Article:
New Orleans Mayor Mitch Landrieu joined Little Rock Mayor Mark Stodola in calling for systemic changes to address gun violence in both cities.
Landrieu spoke as part of a day-long community safety summit at Little Rock’s Heifer International Village and sponsored by the Clinton School of Public Service.
“This is not something that we can lose, because really and literally our lives and the lives of our children depend on it,” Landrieu said. “[I’m] hopeful that this time our country’s leaders are going to stand with the vast majority of Americans who agree with this very simple premise: not every American needs access to every kind of weapon at any time to do anything they want.”
Landrieu, the son of former New Orleans Mayor Moon Landrieu and brother of former U.S. Senator Mary Landrieu (D-La.), praised Stodola’s efforts in addressing gun violence. Stodola’s LR for Life program, modeled after Landrieu’s NOLA FOR LIFE initiative, was launched in response to a shooting at the Power Ultra Lounge nightclub last July.
“The name is the same, but a lot of the components are different, but they’re all similar in nature in terms of knowing that while law enforcement is certainly one way to try and address this issue, it’s multifaceted,” Stodola said. “We know that the long-term issues are rooted in making our communities better, our neighborhoods better.”
Landrieu warned against a reactionary approach to addressing societal problems, saying mass shootings, while tragic in nature, aren’t representative of the majority of gun deaths in the United States.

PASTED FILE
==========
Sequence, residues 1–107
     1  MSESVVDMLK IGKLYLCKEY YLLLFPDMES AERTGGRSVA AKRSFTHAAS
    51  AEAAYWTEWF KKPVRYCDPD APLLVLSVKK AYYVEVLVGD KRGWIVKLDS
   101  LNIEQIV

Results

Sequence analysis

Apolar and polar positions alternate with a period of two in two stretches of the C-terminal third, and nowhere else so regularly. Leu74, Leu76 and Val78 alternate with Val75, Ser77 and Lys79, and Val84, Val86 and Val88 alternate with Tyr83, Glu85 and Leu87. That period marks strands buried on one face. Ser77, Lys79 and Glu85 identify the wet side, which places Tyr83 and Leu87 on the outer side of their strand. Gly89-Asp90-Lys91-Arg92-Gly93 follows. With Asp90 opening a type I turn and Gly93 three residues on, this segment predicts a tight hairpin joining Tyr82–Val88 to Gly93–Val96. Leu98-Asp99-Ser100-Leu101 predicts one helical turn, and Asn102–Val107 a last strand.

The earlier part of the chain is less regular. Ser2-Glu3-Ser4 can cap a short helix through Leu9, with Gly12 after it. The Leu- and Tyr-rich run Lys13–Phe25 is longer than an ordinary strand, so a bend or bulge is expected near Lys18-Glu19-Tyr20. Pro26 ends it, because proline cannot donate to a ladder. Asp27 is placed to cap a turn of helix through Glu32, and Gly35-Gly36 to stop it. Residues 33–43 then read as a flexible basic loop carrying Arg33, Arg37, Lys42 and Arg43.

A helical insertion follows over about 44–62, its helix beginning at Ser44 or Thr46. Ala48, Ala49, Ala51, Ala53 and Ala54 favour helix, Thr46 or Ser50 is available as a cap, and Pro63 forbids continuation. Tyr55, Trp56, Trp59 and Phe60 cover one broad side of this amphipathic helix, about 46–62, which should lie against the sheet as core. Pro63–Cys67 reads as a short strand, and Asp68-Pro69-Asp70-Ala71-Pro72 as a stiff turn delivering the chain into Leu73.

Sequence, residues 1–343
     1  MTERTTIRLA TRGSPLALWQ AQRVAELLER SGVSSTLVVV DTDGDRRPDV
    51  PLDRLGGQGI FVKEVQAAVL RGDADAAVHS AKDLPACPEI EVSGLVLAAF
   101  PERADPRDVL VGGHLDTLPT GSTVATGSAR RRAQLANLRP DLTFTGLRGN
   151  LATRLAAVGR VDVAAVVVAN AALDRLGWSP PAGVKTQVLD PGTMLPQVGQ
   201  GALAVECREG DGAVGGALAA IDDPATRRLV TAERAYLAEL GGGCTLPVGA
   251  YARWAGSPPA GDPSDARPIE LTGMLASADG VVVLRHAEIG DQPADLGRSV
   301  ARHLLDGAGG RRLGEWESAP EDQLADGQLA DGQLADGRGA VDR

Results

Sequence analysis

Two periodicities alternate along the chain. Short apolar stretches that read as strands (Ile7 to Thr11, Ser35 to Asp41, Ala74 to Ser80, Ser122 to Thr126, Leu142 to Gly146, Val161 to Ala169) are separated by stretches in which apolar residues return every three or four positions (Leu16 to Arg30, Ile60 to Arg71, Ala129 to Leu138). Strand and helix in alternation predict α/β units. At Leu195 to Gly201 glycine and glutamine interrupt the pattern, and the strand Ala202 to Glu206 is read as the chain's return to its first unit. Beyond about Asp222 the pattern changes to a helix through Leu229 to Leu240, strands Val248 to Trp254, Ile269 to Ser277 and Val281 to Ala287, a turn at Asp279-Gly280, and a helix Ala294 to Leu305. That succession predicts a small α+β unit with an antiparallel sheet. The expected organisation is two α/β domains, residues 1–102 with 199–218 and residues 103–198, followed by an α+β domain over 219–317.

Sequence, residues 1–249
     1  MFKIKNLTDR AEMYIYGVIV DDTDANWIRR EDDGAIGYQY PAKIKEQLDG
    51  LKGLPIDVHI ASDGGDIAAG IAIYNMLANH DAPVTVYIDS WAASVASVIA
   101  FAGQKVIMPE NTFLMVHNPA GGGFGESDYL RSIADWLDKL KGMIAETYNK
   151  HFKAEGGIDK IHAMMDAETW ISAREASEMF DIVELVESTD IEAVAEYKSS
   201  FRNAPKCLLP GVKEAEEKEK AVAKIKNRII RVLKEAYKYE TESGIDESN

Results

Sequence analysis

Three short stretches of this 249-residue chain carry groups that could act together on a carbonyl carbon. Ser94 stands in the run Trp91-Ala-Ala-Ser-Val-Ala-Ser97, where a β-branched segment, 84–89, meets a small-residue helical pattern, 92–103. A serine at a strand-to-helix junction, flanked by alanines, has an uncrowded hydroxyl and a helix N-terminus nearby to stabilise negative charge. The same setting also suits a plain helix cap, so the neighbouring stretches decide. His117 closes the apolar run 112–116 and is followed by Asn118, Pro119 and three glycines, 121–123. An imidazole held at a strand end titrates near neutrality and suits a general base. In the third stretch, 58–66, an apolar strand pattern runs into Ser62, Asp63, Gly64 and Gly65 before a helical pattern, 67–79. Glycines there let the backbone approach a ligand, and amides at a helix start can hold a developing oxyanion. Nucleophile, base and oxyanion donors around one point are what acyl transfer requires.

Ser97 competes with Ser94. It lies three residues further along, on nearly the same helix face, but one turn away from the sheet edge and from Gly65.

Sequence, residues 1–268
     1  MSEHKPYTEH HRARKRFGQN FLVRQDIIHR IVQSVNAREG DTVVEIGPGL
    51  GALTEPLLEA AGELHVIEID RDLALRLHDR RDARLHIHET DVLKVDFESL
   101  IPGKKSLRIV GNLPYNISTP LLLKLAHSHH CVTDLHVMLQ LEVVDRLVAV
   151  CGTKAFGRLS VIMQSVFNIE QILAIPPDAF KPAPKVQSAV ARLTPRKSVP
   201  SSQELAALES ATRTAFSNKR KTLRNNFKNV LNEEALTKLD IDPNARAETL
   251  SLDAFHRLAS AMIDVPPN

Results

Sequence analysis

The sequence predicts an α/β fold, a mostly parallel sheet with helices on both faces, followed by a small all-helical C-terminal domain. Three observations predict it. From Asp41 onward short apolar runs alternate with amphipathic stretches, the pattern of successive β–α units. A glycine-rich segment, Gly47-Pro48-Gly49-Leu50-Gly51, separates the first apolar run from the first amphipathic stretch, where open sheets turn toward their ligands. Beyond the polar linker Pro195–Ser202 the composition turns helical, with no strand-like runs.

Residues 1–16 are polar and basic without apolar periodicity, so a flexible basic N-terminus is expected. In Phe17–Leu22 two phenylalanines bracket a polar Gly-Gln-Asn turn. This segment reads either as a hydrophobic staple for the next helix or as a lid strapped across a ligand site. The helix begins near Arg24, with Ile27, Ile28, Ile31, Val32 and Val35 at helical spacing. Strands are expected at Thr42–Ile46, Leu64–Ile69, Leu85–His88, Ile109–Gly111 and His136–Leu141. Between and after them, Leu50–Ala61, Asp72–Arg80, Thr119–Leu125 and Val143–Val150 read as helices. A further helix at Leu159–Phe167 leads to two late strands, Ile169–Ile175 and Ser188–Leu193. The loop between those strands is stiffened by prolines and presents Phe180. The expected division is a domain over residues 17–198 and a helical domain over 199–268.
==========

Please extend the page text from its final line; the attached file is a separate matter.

“Focusing on mass tragedies alone is not going to be enough, and it’s not going to get us to the core of the neglect and the malfeasance that’s gotten us to this point in America,” Landrieu said.
Little Rock Vice Mayor Kathy Webb agreed with Landrieu’s assertion that a multi-faceted approach to gun control and government reform is needed.
“There’s not one thing that we have to do, I think there’s 30 things that we have to do. And the speakers this morning and Mayor Landrieu all kept going back to the word ‘hope’… there has to be hope,” Webb said.
Webb said Landrieu’s assertions for stricter background checks for gun buyers as well as criminal justice and mental health reform are all positive steps but that hope must ultimately come from the community.
“I think one of the biggest problems right now is that we have the tendency not to identify with people who might not look like us, and I think [Landrieu] really stressed that,” Webb said. “We’ve got to be able to identify with somebody who doesn’t look like us, and I think that’s one way we can find hope and can really solve the problems.”
Landrieu agreed that a more intersectional approach is needed to stem the death toll from gun violence.
“So if we’re going to survive as a people, we have to rip this Band-Aid off and talk about the stories that don’t get the same media attention: when the killing field is not a school or a movie theater, and the victims are not suburban and white,” Landrieu said.